Kenyon et al v. Singh et al
ORDER denying defendants' 31 motion to dismiss...see order for specifics. Signed by Honorable Joe Heaton on 11/13/2017. (cla)
IN THE UNITED STATES DISTRICT COURT FOR THE
WESTERN DISTRICT OF OKLAHOMA
TRACI KENYON, et al.,
GAGANDEEP SINGH et al.,
Plaintiffs Traci and Tony Kenyon filed this action in state court against defendants
Gagandeep Singh, Azad Singh, Amrik Singh, Wilshire Insurance Company (“Wilshire”),
and IAT Insurance Group (“IAT”).
The claims arise out of a 2016 traffic accident in
Pottawatomie County, Oklahoma. Defendants removed the case to this court and plaintiffs
have since filed amended complaints. The second amended complaint (“complaint”)
asserts negligence, negligent entrustment, and gross negligence claims. 1 Defendants
Wilshire and IAT have filed a motion to dismiss the claims against them. [Doc. #31].
When considering whether claims should be dismissed under Fed.R.Civ.P. 12(b)(6),
the court accepts all well-pleaded factual allegations of the complaint as true and views
them in the light most favorable to the nonmoving party. S.E.C. v. Shields, 744 F.3d 633,
640 (10th Cir. 2014). To survive the motion, the complaint must allege “enough facts to
state a claim to relief that is plausible on its face” and “raise a right to relief above the
speculative level.” Bell Atl. Corp. v. Twombly, 550 U.S. 544, 555, 570 (2007). In other
Plaintiffs appear to assume “gross negligence” is a separate claim.
words, the facts alleged in the complaint must allow the court to infer the defendant’s
liability. Shields, 744 F.3d at 640 (citing Ashcroft v. Iqbal, 556 U.S. 662, 678 (2009)).
The Twombly/Iqbal pleading standard “is a middle ground between heightened fact
pleading, which is expressly rejected, and allowing complaints that are no more than labels
and conclusions or a formulaic recitation of the elements of a cause of action, which the
Court stated will not do.” Id. at 640–41 (quoting Khalik v. United Air Lines, 671 F.3d
1188, 1191 (10th Cir. 2012)).
The complaint alleges that Wilshire and IAT are the liability insurers for the other
defendants, who are alleged to be “motor carriers” for purposes of the claims at issue here.
Wilshire and IAT argue for dismissal of the claims against them on the basis that the
complaint does not allege a basis for a direct action. They correctly note that Oklahoma
does not ordinarily authorize direct actions against an insurer. See Daigle v. Hamilton, 782
P.2d 1379, 1383 (Okla. 1989). However, that general rule is subject to the statutory
exception set out in 47 Okla. Stat. § 230.30, which authorizes a direct action where the
Oklahoma Corporation Commission has issued a license to the motor carrier involved and
the carrier has filed a liability insurance policy with the Commission. 2 This court has
47 OKLA. STAT. § 230.30, provides in pertinent part:
A. No license shall be issued by the Commission to any carrier until after the carrier
shall have filed with the Commission a liability insurance policy or bond covering
public liability and property damage ... and the liability and property damage
insurance policy or bond shall bind the obligor thereunder to make compensation
for injuries to, or death of, persons, and loss or damage to property, resulting from
the operation of any carrier for which the carrier is legally liable. A copy of the
policy or bond shall be filed with the Commission, and, after judgment against the
concluded that those conditions are not satisfied merely by showing registration via the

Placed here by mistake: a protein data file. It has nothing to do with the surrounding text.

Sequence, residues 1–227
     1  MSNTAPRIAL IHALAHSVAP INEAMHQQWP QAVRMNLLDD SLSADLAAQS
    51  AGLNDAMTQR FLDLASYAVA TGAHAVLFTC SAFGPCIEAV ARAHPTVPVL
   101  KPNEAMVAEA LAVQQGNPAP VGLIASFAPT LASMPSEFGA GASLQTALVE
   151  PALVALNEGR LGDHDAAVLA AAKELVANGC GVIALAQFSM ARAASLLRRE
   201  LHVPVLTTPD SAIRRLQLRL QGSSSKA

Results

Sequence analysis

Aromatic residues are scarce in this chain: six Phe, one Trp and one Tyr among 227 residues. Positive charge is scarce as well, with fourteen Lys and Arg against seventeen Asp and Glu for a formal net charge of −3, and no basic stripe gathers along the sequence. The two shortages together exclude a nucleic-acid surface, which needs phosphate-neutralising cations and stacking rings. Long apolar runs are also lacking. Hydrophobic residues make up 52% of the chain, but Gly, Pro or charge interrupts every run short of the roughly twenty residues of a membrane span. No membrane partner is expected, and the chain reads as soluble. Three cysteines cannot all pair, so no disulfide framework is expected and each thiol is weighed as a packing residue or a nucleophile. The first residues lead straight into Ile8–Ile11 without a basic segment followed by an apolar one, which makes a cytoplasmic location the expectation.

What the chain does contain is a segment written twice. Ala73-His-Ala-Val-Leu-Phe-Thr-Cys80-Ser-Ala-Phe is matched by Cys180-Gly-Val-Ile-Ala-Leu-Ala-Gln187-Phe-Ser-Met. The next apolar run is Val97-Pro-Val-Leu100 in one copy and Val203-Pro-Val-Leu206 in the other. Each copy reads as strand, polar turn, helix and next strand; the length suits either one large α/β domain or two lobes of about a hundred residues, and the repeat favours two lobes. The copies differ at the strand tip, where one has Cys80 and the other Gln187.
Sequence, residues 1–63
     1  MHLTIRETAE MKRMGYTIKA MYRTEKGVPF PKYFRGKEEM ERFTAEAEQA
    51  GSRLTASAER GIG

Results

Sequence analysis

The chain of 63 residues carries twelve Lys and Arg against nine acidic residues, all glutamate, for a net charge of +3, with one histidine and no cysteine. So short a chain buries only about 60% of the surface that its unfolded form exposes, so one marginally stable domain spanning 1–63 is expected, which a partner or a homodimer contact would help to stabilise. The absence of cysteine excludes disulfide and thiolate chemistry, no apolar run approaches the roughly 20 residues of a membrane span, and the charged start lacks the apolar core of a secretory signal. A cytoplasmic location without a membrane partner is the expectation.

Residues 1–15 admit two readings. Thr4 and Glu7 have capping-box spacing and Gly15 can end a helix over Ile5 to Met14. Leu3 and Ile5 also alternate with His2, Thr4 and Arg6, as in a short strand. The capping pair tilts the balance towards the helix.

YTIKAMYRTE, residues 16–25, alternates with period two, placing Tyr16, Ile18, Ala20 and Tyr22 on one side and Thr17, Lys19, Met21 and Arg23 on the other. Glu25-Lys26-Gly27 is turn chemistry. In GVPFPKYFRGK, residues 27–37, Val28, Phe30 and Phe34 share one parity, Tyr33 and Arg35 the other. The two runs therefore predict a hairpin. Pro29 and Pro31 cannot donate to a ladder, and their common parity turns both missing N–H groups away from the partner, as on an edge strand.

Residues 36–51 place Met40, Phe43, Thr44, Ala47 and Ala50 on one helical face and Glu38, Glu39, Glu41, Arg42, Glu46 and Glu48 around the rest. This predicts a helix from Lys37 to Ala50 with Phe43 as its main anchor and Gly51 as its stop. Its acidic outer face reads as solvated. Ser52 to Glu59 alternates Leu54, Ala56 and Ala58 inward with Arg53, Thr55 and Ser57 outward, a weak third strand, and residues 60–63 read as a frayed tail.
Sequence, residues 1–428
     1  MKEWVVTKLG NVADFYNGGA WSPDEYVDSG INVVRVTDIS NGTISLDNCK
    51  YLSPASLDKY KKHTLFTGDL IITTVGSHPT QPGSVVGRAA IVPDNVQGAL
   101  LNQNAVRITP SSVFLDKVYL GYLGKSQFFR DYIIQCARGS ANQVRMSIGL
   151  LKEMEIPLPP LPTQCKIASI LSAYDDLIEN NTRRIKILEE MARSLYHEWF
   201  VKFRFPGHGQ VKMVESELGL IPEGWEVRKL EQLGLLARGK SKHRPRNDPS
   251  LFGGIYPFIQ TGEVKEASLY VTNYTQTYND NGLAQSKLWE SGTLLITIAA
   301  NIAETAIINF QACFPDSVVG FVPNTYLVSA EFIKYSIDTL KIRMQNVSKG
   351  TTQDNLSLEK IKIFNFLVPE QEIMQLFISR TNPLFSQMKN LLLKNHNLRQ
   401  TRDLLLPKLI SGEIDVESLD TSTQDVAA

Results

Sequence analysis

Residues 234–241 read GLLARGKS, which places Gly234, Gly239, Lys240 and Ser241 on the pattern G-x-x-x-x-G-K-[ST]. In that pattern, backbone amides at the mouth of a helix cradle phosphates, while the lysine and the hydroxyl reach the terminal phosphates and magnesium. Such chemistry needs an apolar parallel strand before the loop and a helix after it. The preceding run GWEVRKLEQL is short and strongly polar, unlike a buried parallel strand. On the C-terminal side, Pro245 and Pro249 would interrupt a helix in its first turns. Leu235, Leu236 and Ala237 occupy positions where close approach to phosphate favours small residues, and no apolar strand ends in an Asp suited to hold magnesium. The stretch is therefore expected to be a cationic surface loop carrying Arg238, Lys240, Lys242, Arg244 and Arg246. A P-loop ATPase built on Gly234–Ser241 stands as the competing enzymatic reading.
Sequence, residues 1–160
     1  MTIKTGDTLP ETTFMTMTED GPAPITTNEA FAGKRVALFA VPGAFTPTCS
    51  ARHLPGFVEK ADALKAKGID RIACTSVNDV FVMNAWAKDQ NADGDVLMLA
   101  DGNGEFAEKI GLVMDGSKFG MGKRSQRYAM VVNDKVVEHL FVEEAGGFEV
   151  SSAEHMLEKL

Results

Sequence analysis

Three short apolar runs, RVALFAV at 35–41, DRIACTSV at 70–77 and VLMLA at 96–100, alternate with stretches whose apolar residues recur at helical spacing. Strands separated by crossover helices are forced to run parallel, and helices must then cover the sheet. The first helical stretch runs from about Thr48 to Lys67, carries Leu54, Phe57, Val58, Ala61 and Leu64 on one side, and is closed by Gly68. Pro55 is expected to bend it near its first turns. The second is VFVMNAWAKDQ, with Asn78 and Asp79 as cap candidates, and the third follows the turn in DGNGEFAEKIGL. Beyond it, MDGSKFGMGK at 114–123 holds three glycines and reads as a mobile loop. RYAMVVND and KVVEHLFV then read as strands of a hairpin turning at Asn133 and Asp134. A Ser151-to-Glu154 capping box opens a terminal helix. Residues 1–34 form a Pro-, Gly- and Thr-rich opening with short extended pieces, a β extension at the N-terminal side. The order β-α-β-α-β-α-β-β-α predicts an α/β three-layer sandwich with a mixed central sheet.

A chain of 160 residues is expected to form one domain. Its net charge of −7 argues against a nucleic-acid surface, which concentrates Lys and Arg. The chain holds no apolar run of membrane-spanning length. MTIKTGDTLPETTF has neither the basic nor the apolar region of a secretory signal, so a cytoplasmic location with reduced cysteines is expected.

Single State Registration System applicable to interstate carriers, but that a plaintiff must
ultimately show the obtaining of a license from the Commission and the filing of the
liability policy with it. Green v. ACE Am. Ins. Co., No. CIV-07-1377, 2008 WL 4372871
at *2-3 (W.D. Okla. Sept. 19, 2008). 3 So the question becomes whether the complaint
sufficiently alleges these elements and hence a basis for a direct action against the moving
Wilshire and IAT argue that plaintiffs have not made, and cannot make, the
necessary showing because the claimed grounds for the statutory exception are inconsistent
with the carrier’s filings elsewhere. They ask that the court decide the issue based on taking
judicial notice of filings in other states. The court declines to do so and concludes it is
premature to resolve here any factual issues that may exist. Rather, the question now is the
sufficiency of the complaint’s allegations.
The complaint alleges, on information and belief, that the motor carrier defendants
“operate under licenses/permits with the Oklahoma Corporation Commission” and that
they “did obtain and file proof of insurance with the OCC.” These factual allegations are
sufficient to state a basis for invoking the statutory exception and hence a basis for a direct
carrier for any damage, the injured party may maintain an action upon the policy
or bond to recover the same, and shall be a proper party to maintain such action.
Plaintiffs argue the court should reconsider its view of the reach of the statute in light of
contrary results reached by some Oklahoma trial courts. However, in the absence of more specific
guidance from the Oklahoma appellate courts, the court is unpersuaded that its view as stated in
Green is wrong.
claim against Wilshire and IAT. If further proceedings establish that, in light of the filings
elsewhere or otherwise, plaintiffs lacked a good faith basis for their “information and
belief” allegations, that may have eventual consequences for plaintiffs. But that possibility
does not warrant dismissal now, where the issue is the facial sufficiency of the facts pleaded
in the complaint.
In any event, the complaint sufficiently alleges a basis for a direct claim against
Wilshire and IAT based on 47 OKLA. STAT. §230.30. Their motion to dismiss [Doc. #31]
is therefore DENIED.
IT IS SO ORDERED.
Dated this 13th day of November, 2017.
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